Search for the enemy goes on in Saigon ruins
,McCarthy may oppose HHH

By The Associated Press
Sen. Eugene J. McCarthy held
out the possibility of a post-
convention split yesterday by say-
ing it would be "very difficult" for
him to back Vice President Hubert
H. Humphrey if Humphrey main-
tains his support of U.S. Vietnam
At the same time, McCarthy
told a crowded nevs conference
that he still feels differences on
Vietnaffi and other issues can be
worked out within the Democratic
party and that he has no inten-
tion of leading a third party
Resuming his presidential cam-
paign a week after the assassina-
tion of Sen. Robert F. Kennedy,
the Minnesota senator said he
doubts the accuracy of tabulations
showing Humphrey well in the
lead in terms of firni delegate
strength for the party's August
nominating convention.
"I don't think these counts are
accurate," he said. "I don't think
the degelates have really made up
their minds yet."
McCarthy said his efforts from
now on in\ what he termed "a
limited campaign" will be directed
at delegates and at party office-
holders, both as to the issues and
"what candidate is best likely to

be able to carry those issues to the
At the same time, Gov. Nelson
A. Rockefeller directed an all-
out appeal to American voters
yesterday in the hope of creating
enough popular pressure to over-
come the delegate advantage of
Richard M. Nixon at the Repub-
lican nominating convention.
The governor also hoped, aides
said, to show the men with votes
at the Convention that he can
pick up support from former Ken-
nedy followers.
Meanwhile Nixon won 22 addi-
tional Republican convention
delegates Tuesday night in the Il-
linois primary election.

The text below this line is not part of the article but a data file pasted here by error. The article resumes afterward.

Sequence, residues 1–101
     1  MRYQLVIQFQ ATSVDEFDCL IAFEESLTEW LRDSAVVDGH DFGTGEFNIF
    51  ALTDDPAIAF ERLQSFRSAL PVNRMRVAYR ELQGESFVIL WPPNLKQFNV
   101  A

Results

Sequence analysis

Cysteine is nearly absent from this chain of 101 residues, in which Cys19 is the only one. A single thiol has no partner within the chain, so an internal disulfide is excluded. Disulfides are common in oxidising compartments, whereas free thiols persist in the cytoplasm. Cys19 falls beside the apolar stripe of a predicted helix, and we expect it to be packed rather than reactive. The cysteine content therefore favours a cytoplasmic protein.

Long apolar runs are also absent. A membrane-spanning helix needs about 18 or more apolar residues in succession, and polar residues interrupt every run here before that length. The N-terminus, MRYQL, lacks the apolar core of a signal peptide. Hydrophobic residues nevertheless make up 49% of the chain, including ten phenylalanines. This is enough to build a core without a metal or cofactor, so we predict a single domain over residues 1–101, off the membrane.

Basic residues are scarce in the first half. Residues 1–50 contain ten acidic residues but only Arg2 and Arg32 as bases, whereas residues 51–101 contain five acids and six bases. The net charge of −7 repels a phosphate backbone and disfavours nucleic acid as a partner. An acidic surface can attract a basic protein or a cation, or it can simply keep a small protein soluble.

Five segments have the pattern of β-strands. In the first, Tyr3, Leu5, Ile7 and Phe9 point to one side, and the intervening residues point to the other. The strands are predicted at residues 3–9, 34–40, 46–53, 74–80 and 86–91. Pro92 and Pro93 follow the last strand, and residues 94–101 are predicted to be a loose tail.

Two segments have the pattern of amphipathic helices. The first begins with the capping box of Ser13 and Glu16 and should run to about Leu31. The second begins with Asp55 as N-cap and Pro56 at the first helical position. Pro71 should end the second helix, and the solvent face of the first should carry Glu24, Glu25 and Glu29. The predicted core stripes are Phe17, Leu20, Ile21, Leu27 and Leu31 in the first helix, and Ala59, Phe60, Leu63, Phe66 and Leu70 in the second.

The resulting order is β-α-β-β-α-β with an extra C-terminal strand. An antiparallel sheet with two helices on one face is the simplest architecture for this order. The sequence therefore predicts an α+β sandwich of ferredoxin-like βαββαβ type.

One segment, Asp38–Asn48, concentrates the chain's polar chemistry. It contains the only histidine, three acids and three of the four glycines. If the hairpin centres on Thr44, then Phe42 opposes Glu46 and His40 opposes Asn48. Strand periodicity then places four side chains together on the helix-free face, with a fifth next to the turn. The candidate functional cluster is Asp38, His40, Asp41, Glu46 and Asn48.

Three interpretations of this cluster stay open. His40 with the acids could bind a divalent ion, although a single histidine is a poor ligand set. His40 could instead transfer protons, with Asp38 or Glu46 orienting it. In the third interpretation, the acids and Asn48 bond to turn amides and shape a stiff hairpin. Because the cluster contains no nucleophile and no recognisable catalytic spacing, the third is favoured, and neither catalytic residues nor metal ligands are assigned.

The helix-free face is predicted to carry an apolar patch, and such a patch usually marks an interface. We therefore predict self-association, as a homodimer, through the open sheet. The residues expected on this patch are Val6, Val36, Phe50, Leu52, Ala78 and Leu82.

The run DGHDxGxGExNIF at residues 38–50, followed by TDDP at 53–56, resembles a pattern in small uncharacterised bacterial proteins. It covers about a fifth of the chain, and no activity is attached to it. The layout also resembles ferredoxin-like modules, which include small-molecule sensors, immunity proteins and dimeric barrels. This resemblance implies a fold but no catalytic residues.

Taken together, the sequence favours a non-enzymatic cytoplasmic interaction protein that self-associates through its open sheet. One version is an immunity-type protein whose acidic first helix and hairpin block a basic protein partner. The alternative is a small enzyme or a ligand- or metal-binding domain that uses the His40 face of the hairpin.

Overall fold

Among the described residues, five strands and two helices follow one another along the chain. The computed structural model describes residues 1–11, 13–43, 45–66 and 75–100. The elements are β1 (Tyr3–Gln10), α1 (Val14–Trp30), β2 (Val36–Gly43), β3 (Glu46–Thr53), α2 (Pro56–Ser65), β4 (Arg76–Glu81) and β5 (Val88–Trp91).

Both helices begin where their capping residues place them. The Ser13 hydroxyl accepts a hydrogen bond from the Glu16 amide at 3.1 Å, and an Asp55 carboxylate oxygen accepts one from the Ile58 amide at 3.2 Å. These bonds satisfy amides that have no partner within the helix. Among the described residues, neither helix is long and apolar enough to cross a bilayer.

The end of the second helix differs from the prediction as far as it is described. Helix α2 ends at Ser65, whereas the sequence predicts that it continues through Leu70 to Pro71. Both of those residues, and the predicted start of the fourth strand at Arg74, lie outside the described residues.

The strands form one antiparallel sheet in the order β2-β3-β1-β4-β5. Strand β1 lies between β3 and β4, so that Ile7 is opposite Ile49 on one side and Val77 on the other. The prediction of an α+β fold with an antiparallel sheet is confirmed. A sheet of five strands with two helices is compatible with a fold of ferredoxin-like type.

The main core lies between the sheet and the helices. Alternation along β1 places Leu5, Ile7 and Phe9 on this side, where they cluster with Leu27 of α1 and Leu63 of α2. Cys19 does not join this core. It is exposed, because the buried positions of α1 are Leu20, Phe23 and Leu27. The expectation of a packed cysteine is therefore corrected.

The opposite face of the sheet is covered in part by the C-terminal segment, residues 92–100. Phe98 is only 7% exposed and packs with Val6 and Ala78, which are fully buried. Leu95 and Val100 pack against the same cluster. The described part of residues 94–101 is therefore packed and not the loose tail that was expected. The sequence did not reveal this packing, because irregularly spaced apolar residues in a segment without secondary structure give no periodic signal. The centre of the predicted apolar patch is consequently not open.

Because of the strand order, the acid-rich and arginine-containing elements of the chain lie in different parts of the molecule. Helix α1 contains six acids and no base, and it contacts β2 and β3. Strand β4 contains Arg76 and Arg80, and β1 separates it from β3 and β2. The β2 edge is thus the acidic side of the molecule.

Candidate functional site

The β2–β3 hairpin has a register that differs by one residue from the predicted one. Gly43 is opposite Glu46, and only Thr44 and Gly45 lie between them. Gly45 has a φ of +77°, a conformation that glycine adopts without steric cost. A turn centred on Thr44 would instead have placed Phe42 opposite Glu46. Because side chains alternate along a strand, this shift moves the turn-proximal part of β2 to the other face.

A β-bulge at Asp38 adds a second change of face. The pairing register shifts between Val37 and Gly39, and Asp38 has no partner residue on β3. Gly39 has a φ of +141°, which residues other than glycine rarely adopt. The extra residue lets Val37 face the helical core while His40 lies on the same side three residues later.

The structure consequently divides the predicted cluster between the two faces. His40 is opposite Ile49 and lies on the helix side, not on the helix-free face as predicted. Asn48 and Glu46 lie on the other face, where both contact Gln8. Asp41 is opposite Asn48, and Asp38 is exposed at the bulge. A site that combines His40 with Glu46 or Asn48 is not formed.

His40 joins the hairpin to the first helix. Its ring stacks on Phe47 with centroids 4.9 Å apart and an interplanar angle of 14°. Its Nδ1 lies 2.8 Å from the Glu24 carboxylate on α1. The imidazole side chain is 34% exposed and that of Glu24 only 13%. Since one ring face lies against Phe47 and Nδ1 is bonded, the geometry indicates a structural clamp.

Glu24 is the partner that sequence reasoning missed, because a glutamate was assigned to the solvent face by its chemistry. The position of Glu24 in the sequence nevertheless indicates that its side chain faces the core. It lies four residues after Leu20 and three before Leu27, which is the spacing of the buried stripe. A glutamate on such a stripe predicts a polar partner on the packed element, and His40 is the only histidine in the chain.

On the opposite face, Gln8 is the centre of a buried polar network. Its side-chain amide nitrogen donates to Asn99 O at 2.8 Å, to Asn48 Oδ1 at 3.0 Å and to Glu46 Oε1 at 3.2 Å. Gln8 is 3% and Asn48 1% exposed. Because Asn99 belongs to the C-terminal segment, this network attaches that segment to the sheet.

The returns on the Democratic
side showed 26 of the chosen dele-
gates were uncommitted, 2 were
for Humphrey, 1 was for Mc-
Carthy, and 1 was for Mayor
Richard J. Daley of Chicago.
Daley, the party boss, was among
the uncommitted.
Nixon had 298 delegates votes
of the 667 required for the GOI
presidential nomination in a list-
ing June 5 that placed him in the
In this state, Gov. George Rom-
ney, who urged for months that
Republican governors unite early
,behind one presidential candidate,
is doing precisely the opposite
now by keeping Michigan's dele-
gation uncommitted.
Romney is determined to hold
the bulk of the state's 48 votes
away from either Nixon or Rocke-
feeler for the present.
The object, he says, is to await
developments, candidate state-
ments on major issues and pre-
convention polls.
Humphrey and Nixon were the
real victors at the Texas political
conventions Tuesday.
Gov. John Connally, who has
not committed himself but is be-
lieved to favor Humphrey's presi-
dential nomination, was chosen
the favorite son at the state
Democratic convention in Dallas.
Republicans, meeting .simulta-
neously Tuesday,.- backed Sen.
John Tower as a favorite son and
most delegates were reported

leaning toward Richard M. Nixon
as toe GOP presidential nominee.
In Tennessee, George C. Wal-
lace raised mon'ey and roused
cheers for his third party presi-
dential bid as he opened a South-
ern campaign tour.
Wallace got a roaring reception
at a rally in Memphis yesterday
as he fired away at Republicans,